Of course, you might not support this particular Labour party policy, as it does not agree with your ideological framework. Or you require a lot of evidence before you will change your mind. That’s up to you. But even so it is no different from most other policies proposed by political parties at times of an election. It does have benefits. It does have risks. Every voter can evaluate those benefits and risks in their own terms. To criticise all those who would support such policy as not thinking and simply ‘wanting more money’ is not only disrespectful but also unfounded, given that there is a lot of the evidence presented here in support of it.

              • PeteG

                I have just said I don’t like how they have restructured KiwiSaver.

                Like many others I’ve previously said that some of the projections are eyebrow raisingly optimistic, and if we don’t come close to hitting growth targets we’ll have more problems.

                I haven’t previously said – the public sector cuts are risky, especially if they bite as we still struggle to get out of recession. And if they impact on essential services then I’d be critical of them.

                On the 4% wage growth projections – if they break with recent innaccuracies and turn out to be correct, then a wage growth spurt has to be taken in to account on top of the effects of Labour’s proposed substantial boost to low wage rates. If both happen together that’s going to heighten the risk a wage/price spiral.

                • The Voice of Reason

                  I don’t think it will risk a wage/price spiral at all, Pete. The rise to $15 is a substantial one in percentage terms (15%, roughly), but it only applies to perhaps one in ten workers. Perhaps another one in ten will also get something, given that anybody on between $13 and $14.99 ph gains from it, but that still not many from the total workforce. And any extra money that group gets, they will spend. Which is good for the local economy.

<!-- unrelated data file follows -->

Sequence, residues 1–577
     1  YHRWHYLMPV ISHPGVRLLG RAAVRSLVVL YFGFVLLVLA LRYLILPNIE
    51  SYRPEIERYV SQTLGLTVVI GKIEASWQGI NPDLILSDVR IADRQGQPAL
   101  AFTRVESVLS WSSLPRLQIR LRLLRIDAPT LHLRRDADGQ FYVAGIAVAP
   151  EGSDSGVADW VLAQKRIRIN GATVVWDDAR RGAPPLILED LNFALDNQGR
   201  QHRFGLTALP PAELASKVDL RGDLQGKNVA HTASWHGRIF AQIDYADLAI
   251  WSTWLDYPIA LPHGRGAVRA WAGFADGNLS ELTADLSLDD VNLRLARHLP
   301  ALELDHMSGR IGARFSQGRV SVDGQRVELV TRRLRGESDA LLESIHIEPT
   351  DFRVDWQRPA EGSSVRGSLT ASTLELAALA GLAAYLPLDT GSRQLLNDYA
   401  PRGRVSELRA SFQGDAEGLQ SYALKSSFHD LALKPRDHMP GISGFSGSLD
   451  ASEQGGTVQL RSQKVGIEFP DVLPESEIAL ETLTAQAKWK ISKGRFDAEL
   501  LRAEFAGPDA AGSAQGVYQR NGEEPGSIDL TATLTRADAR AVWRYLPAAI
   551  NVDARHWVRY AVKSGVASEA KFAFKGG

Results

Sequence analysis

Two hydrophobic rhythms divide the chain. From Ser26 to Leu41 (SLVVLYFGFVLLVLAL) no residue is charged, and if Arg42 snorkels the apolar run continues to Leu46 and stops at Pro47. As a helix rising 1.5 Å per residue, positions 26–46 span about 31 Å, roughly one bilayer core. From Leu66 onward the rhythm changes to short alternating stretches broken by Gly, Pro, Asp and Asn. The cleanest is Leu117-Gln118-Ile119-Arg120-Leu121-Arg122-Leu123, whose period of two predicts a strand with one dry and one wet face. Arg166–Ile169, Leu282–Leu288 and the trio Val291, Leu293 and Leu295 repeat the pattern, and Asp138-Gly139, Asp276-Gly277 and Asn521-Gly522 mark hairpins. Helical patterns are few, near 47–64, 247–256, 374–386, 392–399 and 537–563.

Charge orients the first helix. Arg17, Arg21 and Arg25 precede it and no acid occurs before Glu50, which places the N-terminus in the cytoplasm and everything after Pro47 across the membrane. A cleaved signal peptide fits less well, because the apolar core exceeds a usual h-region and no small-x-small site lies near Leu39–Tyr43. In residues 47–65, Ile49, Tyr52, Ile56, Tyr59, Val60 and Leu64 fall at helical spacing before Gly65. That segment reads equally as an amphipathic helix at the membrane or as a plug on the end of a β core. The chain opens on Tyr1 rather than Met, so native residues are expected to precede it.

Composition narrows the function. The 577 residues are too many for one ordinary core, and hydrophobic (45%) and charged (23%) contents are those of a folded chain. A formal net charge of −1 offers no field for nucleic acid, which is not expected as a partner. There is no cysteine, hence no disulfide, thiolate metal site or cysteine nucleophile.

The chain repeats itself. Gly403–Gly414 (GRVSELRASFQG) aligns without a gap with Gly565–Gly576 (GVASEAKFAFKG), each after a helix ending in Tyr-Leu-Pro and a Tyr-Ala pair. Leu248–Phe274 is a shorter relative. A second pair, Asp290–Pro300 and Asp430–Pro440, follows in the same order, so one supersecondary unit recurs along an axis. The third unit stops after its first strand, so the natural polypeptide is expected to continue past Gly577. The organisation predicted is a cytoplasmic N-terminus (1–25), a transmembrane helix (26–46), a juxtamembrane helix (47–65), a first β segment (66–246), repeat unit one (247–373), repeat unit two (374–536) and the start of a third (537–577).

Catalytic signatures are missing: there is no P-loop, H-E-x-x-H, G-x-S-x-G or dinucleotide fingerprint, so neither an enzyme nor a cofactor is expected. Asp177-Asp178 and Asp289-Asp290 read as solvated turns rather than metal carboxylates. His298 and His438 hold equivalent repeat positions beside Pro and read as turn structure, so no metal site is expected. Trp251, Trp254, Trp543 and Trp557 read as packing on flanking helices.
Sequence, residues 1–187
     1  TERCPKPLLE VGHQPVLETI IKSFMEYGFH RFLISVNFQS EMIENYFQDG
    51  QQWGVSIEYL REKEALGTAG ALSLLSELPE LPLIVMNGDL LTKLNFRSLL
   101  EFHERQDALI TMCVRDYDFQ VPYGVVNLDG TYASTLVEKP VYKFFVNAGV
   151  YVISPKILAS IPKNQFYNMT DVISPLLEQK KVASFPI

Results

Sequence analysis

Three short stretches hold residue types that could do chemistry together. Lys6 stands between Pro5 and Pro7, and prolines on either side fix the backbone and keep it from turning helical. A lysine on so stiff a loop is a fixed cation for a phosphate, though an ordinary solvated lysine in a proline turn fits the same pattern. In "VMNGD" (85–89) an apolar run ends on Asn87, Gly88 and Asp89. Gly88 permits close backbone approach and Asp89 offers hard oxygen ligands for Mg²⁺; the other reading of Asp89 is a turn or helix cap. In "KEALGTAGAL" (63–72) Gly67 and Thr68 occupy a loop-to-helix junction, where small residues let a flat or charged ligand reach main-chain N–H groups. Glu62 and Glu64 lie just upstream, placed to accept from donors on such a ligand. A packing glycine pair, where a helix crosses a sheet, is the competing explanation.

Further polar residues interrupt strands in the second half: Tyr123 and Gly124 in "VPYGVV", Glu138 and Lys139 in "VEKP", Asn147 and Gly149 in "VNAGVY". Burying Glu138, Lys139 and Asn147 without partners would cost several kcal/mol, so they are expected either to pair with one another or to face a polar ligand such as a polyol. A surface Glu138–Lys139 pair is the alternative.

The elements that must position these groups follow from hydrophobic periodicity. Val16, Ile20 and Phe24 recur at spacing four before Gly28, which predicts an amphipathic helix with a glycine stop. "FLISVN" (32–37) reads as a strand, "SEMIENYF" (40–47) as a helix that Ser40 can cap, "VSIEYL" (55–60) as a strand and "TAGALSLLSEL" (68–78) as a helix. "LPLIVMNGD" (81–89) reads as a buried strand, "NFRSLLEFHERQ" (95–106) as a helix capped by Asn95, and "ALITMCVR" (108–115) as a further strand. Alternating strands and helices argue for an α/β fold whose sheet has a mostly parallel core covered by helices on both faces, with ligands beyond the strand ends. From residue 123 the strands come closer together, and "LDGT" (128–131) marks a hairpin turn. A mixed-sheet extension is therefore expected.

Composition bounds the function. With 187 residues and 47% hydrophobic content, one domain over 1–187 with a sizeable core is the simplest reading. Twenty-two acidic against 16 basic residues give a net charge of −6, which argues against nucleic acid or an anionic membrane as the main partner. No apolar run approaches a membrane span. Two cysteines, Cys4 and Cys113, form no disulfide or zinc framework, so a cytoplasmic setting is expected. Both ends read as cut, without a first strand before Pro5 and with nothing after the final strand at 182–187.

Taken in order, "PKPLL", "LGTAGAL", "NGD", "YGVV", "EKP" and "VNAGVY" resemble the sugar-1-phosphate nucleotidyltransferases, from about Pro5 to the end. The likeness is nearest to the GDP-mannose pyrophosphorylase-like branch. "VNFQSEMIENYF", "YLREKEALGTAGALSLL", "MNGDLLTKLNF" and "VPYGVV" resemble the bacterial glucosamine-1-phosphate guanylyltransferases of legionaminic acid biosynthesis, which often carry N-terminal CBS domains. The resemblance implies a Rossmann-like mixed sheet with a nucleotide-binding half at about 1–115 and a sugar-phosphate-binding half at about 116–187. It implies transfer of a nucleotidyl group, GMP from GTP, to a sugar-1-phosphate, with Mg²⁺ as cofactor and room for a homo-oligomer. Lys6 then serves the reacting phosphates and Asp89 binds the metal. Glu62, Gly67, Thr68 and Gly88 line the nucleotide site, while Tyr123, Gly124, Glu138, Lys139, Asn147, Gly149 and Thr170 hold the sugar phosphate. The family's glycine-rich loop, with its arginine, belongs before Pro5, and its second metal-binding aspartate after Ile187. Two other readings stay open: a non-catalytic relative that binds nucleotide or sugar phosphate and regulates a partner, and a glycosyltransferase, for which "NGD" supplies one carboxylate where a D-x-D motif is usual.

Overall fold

But that is still not a game changer in terms of inflation. 4% for everyone else merely equates to the current inflation rate, so there is no actual gain in spending power. And given that Key specifically said public servants could go fuck themselves if they wanted a rise in the next two years, it doesn’t even apply across the board.
                  Nah, my feeling is that external drivers like oil prices, bankruptcy payouts to rich investors and paying bribes to American film companies will do more damage to our economy than paying low wage kiwi’s better ever will.

                • Increases in profit have a greater ‘pernicious’ effect on the price spiral than do increases in wages. At least that’s what Adam Smith thought. But what would he know?

          • Draco T Bastard

            Australian minimum wage is AU$15 which, according to the gadget on my desktop, is a little over NZ$20 ATM.

        • dave brown

          What about a wage increase because workers need it to live? If employers go bust that’s because they rely on cheap labour, not technology, and to remain competitive have to decrease wages.
          That has been NZs fate since the deregulation of the 80s. The market has responded with 100s of thousands of workers moving to Australia. Economically speaking the biggest variable we have consider is the fact that the NZ economy is integrated into the Australian economy and increasingly into the Chinese economy. That is why it helps to start by thinking of NZ as Australia’s Eastern Territory (because the NZ state will soon have no more sovereign autonomy as the Northern Territory) or China’s Great South Islands (similar reasoning). One could add that NZ bosses have outsourced our ‘cultural’ – read entertainment – sphere to Hollywood so that if the TPAA comes into effect, our thoughts will be owned and subject to 25/7 control by the US – hence Wellywood.
          The only question is whether workers will remain passive and see NZ slotted into a Greater Pacific division of labour where Labour and Capital mobility is unrestrained, or whether workers wake up and demand a living wage and as a consequence realise that they have to take power to make this possible.

          • Colonial Viper

            Employers are generous benefactors and workers should be grateful supplicants, happy to even have a chance at a job in society.

            • terryg